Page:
It represents more than a half-century of history.


Aiken resident Steve Hale has attended 52 Masters Tournaments at Augusta National. He's had the opportunity to witness some of the greatest moments in golf history. But for Hale, the chance to attend the event has been a family affair.


Both of Hale's parents played golf back in the '50s. And it was during that time his father had the opportunity to acquire tickets to one of golf's four majors.


“My parents started going in 1956 or '57,” said Hale. “My dad took me when I was 8 years old. I missed a couple of years, but I've been every year since 1964.”


Hale had an opportunity to see history being made in 1965 when Ben Hogan shot his 30 on the back nine.


“I saw four or five holes like that,” said Hale.


The equanimity, poise and concentration demonstrated by the athletes is something that has made an indelible impression on Hale.


“It's really inspirational to see what gentlemen and good people they are,” said Hale. “If they're a great golfer, they have an aplomb, a presence about themselves of self-respect that carries onto other things they do. You can't play golf under that kind of pressure if you don't have that strength of personality.”


However, there are several Masters that stand out in Hale's mind, one in particular whose resounding roar left a deep imprint.


“I was there for Jack Nicklaus in 1986,” said Hale. “That was the loudest and the coolest thing I've ever seen. One of my favorites was Gary Player in 1978, when he came from seven strokes behind, shot 65 and won by one stroke. That was brilliant.”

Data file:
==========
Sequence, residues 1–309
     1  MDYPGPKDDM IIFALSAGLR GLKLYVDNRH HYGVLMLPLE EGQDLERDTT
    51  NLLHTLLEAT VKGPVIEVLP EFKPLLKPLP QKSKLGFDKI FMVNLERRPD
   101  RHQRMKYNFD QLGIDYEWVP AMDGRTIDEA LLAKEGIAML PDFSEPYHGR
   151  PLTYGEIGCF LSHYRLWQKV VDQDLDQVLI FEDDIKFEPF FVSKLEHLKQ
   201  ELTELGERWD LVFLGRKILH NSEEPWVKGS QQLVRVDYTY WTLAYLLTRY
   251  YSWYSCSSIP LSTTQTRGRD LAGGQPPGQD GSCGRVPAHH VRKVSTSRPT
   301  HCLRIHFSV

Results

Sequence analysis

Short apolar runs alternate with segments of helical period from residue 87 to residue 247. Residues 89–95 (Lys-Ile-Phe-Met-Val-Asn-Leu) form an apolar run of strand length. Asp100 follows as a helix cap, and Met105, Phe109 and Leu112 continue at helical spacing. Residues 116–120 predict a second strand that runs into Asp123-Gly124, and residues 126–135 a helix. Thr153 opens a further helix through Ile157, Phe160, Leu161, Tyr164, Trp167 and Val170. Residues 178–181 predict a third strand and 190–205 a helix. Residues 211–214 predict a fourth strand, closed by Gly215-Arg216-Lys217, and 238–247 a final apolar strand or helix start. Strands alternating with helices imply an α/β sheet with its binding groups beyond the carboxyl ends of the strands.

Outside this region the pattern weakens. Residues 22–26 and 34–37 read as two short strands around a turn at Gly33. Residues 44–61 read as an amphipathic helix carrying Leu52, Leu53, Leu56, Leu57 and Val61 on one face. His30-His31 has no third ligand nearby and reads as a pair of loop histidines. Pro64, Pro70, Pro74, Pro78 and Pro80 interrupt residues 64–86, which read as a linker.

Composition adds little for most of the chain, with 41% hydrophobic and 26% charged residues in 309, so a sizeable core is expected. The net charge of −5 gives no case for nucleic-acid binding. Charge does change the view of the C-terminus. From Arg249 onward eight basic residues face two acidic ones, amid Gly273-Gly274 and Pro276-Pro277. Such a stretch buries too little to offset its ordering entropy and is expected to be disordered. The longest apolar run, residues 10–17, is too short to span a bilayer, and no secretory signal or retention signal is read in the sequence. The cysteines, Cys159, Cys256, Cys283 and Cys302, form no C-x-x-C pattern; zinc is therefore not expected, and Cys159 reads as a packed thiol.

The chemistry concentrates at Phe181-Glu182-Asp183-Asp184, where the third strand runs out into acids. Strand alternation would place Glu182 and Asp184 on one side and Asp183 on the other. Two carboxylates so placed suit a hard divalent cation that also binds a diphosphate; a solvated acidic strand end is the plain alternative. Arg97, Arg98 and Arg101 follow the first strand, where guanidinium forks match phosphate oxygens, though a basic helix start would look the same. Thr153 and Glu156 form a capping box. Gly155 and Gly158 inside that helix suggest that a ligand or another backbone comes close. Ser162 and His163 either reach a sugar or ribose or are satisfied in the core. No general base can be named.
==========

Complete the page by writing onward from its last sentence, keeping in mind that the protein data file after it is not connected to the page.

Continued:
The journalist and author also had the privilege of being at the 1975 Masters when Jack Nicklaus beat Tom Watson and Johnny Miller, with the lead changing hands several times, he said.


“They went back and forth on the back nine for two hours, and Nicklaus prevailed,” said Hale.


But Hale also saw his favorite golfer, Seve Ballesteros, miss a short putt on No. 10, losing in a playoff eventually won by Augusta-native Larry Mize.


The tournament itself has taken on extra meaning for Hale and his family, becoming an annual tradition, and it's something they've shared for decades.


“My parents used to get four tickets, and now my mom gets two, I get two, and my youngest sister, Anne, gets two,” said Hale. “My family gets six tickets. We're a middle-class family, but we're Masters rich. My sisters are such fans, too. We all get together to enjoy the tournament. It's been a big part of my family all my life. My dad was an avid golfer.”


Rory McIlroy is Hale's current favorite golfer, and he happened to witness the athlete's collapse several years ago.


“It was on No. 10, he had the tournament won, and he hooked it where no one has ever hit it before and lost the tournament,” said Hale.


His passion has served as an impetus, enabling Hale to attend the U.S. Open and the PGA Championship twice, with only the British Open eluding the writer from completing his personal Grand Slam.


“I saw when Payne Stewart beat Phil Mickelson up at Pinehurst, and I was a volunteer at the PGA two years ago when Rory McIlroy won in Kiawah.”


Not only was Hale at the 1986 Masters, but he also attended the 1991 Ryder Cup, better known as the “War at the Shore.”


“I was standing right there when Bernhard Langer missed that putt,” said Hale.


Ben Baugh has been covering the equine industry and equestrian sport for the Aiken Standard since 2004. Among the awards Baugh has won include the 2003 Raleigh Burroughs Award as the turf writer making the most impact on the Florida Thoroughbred Industry.